Strategic Meetings Summit London, 26 September,
September 29 2022, Kimpton Fitzroy London
Friday 30 September 2022, JW Marriott Grosvenor
Alison Chambers of Emerald Media reports for ABTN
US Regional Airline Association chairman and CEO of Pinnacle Airlines Phil Trenary urged his colleagues last week to "return to the bed rock of three principles - innovation, creativity and spirit" as US regional airlines prepare to undertake a public awareness campaign to stop ”RJ bashing” stories in local, regional press.
As RAA met for its annual convention in St Louis, Missouri, Trenary stressed that people should ”thank God for regional jets.” Some 1,800 RJs are in service and another 1,700 more on backlog order - 90% of them held by US operators. When Embraer delivers its 800th Embraer 145 it will be to Chautauqua Airlines - part of the Republic Holdings Group.
”Over the next three years, the industry will deliver 600 more to the market”, said RAA president Debby McElroy. ”It is therefore imperative that the Association acts to stop negative stories about the RJs which suggest they are a growing burden on the air traffic system”. In one example, one US FAA controller, was advised by a mainline pilot that RJs cannot fly faster than 0.74 Mach. ”Not true”, said Trenary, ”RJs may fly at this speed to conserve fuel ” but they can certainly match mainline jet performance, if ATC requires it”.
It seems that these stories are probably being circulated by pilots and air traffic as concerns grow about the future of the ATC system, he noted. There are suggestions that the FAA is looking to introduce a demand management system whereby RJs could be unfairly treated against mainline carriers' narrow and widebodied jets.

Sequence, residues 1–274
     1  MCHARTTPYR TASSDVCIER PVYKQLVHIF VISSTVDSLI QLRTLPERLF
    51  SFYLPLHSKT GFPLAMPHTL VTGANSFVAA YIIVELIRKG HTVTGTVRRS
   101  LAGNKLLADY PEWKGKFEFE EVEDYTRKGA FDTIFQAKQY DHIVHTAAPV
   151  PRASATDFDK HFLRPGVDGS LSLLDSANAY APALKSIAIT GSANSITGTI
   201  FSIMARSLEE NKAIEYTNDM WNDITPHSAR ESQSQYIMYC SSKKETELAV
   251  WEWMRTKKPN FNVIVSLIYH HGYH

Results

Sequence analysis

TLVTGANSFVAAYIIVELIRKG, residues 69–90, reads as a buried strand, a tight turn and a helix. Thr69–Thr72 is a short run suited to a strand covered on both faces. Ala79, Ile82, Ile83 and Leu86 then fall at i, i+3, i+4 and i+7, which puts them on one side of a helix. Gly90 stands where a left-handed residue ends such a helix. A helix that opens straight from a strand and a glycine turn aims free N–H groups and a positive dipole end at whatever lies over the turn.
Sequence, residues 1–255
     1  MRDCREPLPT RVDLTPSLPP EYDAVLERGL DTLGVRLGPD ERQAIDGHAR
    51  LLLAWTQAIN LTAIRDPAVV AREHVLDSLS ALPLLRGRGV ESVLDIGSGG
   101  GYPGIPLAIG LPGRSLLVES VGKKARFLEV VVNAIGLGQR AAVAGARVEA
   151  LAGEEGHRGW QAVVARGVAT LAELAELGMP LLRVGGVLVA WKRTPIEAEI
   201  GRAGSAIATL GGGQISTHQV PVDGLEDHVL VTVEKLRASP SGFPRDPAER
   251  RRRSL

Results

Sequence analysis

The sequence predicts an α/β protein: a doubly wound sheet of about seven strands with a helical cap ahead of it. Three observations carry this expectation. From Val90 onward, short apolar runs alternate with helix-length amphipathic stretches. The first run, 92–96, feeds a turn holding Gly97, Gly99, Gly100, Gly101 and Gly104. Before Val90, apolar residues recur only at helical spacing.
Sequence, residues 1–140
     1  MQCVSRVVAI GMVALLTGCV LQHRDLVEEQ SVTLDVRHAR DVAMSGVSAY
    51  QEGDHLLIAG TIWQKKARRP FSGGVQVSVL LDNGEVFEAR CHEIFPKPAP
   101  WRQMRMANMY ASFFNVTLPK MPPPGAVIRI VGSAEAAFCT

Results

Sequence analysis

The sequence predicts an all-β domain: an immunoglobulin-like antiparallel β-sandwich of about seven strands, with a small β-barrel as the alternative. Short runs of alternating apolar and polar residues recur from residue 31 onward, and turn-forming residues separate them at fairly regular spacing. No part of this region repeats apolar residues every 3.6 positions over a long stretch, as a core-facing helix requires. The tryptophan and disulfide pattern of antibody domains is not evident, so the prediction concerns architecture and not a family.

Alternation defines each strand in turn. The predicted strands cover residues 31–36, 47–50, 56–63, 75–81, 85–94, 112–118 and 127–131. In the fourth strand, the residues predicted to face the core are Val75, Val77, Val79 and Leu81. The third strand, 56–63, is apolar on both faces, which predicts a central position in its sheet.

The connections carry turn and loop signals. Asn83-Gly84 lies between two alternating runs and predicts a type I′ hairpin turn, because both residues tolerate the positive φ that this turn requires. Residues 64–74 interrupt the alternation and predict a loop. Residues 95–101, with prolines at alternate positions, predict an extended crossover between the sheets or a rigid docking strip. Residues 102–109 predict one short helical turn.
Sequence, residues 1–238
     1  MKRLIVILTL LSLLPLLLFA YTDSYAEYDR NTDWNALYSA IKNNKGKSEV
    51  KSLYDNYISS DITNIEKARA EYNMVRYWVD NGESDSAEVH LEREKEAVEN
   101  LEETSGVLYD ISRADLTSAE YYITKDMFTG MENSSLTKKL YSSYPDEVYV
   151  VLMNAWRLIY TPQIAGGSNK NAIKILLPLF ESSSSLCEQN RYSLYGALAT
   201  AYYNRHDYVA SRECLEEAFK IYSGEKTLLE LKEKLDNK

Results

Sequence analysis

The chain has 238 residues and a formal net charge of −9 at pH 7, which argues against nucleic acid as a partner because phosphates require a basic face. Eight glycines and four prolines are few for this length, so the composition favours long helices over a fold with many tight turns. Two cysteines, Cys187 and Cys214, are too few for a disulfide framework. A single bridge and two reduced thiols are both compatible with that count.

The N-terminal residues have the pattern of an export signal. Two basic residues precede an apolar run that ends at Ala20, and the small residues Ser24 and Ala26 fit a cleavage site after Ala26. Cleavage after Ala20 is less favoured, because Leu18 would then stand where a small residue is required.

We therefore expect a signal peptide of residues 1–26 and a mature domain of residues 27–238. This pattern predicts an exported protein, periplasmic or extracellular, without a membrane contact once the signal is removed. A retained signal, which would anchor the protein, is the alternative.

This unprecedented backlash against RJs comes as ACA prepares to re-launch itself as LCC Independence Air with a fleet of 50-seat CRJ200s, later to be joined by Airbus A319/A320s. As part of its reinvention and focus on high frequency, shuttle style services out of Washington Dulles, ACA is returning all its turboprops, including Jetstream 41s. With the RJs it will increase its utilisation 30%, performing 11.5 hours of daily flying, compared with nine currently, according to chairman and CEO Kerry Skeen.
Independence Air is a first in the industry. No other airline has attempted to launch a low fare operation around an RJ hub with more than 80 aircraft at the outset. From 15 June, it will serve routes including Boston, New York, Raleigh-Durham, Atlanta with 10 or more daily departures.
The new airline faces competition not only from US Airways; American and Delta - but six regional airline partners who have been selected by United to replace ACA's feeder services. One is Shuttle America, which is introducing Saab 340 flights out of Washington Dulles. Its 340s will wear the colours of United - a notable livery for Saab as it prepares to celebrate 20 years of Saab 340 services that very month.
Washington DC based consulting company The Velocity Group, which was commissioned to carry out a study on Independence Air's new model, says that the airline is the first in a new generation of low cost regional airlines - a hybrid - which it expects more in the industry will follow. ”Traditional low cost carriers have rarely attempted to spread the low fare gospel to small and medium sized communities, but the chances of success are strong because Independence Air meets some important criteria,” noted Velocity Partner Doug Abbey. ”It has a defensible niche operating in a vibrant metropolitan catchment area where traffic growth prospects are good; the timing of its market entry is good; it has the right sized aircraft (A319/A320s will be added to serve Florida, Texas and California) and - as an already established air carrier for more than a decade, it is well capitalised ($300m in cash effective 31 December 2003).”